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Interesting Developments in the Food Sector

By Herb Shields | 07/29/2011 | 2:31 PM

 Several recent news articles signal some interesting changes in both food products themselves and in the food supply chain.

 Wal Mart opened the first of 5 Express stores in Chicago.  These stores will be located in areas that have for years been termed “food deserts” due to the lack of traditional grocery chain stores.  Recently both Walgreens and some dollar stores had entered some of these markets with fresh food offerings added to their more traditional lines of consumer products.  The new Wal Mart stores are one-tenth the size of a standard Wal Mart Supercenter. Given the scale of these stores it will be interesting to follow what adjustments, if any, Wal Mart has to make to provide the right mix and quantity of products.  An article in the Chicago Tribune mentioned that “Wal Mart is counting on shoppers to tell them what they want.”  Even before the first store opened, Wal Mart had changed the product mix in the hair care category to emphasize more ethnic products.

 McDonald’s announced a change in the product mix for the Happy Meals which are targeted at young children.  The changes include apples or other fruit as standard instead of an option, making milk the beverage unless a customer asks for soda and reducing the size of the fries portion from 2.4 ounces to 1.1 ounces. All told, the changes are expected to cut the calorie count of a Happy Meal by about 20%.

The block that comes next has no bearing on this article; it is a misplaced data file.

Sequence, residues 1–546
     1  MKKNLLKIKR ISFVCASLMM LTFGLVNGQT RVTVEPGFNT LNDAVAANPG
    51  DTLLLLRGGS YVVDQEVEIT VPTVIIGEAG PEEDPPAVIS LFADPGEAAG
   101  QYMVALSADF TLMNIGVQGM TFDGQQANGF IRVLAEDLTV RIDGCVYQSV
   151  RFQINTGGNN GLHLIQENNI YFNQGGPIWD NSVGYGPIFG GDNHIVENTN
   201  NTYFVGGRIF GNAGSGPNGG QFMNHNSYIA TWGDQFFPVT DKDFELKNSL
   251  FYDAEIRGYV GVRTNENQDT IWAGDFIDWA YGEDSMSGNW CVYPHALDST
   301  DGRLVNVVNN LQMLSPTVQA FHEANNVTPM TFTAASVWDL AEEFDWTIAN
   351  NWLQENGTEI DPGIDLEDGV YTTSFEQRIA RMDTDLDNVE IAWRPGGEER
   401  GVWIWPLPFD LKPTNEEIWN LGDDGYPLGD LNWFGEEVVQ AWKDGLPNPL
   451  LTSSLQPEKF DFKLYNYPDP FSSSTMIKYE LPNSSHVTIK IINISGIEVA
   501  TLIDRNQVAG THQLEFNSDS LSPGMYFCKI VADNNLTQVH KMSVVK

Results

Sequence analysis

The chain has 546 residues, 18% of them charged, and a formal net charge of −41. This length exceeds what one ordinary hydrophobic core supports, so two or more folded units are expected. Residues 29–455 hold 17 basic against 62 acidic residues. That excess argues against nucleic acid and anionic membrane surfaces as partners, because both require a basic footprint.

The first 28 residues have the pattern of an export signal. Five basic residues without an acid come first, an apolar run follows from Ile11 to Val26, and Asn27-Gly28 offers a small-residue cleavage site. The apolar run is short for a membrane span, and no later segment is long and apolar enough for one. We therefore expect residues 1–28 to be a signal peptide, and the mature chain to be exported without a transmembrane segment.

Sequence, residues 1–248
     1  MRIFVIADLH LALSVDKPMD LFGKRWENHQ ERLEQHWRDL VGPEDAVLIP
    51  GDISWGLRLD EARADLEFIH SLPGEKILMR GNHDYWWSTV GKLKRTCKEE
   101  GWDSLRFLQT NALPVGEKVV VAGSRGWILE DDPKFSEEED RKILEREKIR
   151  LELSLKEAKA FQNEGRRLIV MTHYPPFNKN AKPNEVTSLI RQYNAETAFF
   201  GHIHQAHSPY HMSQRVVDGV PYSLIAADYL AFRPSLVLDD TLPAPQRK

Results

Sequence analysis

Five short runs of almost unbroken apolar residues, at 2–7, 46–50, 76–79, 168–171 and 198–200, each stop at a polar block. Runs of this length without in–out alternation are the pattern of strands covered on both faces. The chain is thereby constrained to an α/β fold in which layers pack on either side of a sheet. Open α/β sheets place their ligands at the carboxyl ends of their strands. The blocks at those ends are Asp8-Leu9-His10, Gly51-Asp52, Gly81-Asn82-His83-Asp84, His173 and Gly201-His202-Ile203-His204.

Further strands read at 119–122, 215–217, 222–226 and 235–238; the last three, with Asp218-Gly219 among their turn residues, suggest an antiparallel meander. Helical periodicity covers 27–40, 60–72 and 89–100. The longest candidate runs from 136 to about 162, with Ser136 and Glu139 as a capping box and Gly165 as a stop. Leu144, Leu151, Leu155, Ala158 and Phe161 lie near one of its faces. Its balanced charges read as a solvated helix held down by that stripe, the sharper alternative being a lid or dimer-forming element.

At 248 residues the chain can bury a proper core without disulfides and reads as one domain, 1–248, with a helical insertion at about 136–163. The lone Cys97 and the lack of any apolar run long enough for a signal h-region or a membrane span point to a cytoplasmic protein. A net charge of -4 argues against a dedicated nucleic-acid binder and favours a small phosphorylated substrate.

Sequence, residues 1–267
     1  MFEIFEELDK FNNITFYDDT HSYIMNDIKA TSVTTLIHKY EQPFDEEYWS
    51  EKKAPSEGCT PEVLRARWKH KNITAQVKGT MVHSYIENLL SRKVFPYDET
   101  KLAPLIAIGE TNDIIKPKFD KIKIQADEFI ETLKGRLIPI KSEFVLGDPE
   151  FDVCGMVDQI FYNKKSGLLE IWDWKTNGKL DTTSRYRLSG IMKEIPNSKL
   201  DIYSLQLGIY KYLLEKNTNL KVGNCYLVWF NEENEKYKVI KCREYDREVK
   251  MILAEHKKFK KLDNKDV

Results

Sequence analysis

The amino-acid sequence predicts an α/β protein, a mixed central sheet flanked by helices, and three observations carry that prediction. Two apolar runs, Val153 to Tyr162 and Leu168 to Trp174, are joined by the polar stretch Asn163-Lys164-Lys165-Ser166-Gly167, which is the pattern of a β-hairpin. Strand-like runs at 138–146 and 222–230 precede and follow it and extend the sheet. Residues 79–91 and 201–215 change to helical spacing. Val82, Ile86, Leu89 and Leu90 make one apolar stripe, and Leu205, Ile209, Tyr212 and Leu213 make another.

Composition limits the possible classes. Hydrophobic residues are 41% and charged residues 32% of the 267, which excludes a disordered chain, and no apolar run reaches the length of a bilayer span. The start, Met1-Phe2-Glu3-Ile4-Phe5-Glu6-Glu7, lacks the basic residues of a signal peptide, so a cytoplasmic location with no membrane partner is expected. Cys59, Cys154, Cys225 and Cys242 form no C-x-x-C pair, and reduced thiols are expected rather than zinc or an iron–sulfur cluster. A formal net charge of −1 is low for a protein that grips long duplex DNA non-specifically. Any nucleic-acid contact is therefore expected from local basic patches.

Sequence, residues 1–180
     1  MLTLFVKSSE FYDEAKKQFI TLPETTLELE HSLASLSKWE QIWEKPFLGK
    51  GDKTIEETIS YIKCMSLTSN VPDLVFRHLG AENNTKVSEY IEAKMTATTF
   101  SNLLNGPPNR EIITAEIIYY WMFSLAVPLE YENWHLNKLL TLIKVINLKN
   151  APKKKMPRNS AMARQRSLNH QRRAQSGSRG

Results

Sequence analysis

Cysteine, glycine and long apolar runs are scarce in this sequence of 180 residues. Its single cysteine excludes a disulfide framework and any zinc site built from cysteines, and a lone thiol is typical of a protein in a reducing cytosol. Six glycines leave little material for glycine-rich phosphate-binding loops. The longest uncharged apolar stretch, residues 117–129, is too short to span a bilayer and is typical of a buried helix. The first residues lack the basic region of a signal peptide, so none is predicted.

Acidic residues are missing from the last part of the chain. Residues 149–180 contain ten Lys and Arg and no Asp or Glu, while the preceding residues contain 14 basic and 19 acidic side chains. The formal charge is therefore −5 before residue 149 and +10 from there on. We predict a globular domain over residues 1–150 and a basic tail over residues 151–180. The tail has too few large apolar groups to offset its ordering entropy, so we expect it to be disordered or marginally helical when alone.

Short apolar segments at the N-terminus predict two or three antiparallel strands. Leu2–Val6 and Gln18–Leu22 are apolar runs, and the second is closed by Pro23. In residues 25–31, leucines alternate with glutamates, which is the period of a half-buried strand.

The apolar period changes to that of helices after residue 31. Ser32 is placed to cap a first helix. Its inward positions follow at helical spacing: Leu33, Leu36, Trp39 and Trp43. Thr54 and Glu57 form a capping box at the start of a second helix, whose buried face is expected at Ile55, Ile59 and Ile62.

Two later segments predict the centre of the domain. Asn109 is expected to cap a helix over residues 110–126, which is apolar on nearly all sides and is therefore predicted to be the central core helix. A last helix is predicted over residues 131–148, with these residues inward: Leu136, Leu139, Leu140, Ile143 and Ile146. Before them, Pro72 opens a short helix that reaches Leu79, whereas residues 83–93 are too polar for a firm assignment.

The third news item this week discussed a proposed tax on soft drinks to reduce their consumption among young people. According to the Wall Street Journal, “The Center for Science in the Public Interest, a Washington-based watchdog group that pressures food companies to make healthier products, plans to propose a federal excise tax on soda, certain fruit drinks, energy drinks, sports drinks and ready-to-drink teas. It would not include most diet beverages.”  This is clearly not a done deal, but it would potentially change the demand for some products if a law is finally passed.

 The food industry, both the marketers and the retailers, are always making changes to products and store offerings designed to get the consumer to try new products, stick with old products, etc.  It will be interesting to track some of these events to determine what, if any, changes result in the supply chain process for food products.

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About Herb Shields

Herb Shields

Herb Shields has run Chicago-based HCS Consulting since 2000, helping clients across multiple industries and in higher education improve their supply chain strategy and execution. Shields has more than 30 years as an operations executive for capital equipment, automotive, electrical machinery and consumer products companies. As vice president of materials management at consumer goods company Helene Curtis, Shields led the supply chain organization that helped Helene Curtis win "Vendor of the Year" awards from Wal-Mart Stores and Target Corp. Shields has a B.S. degree in Electrical Engineering from Clarkson University and did graduate work in business at Bowling Green State University.



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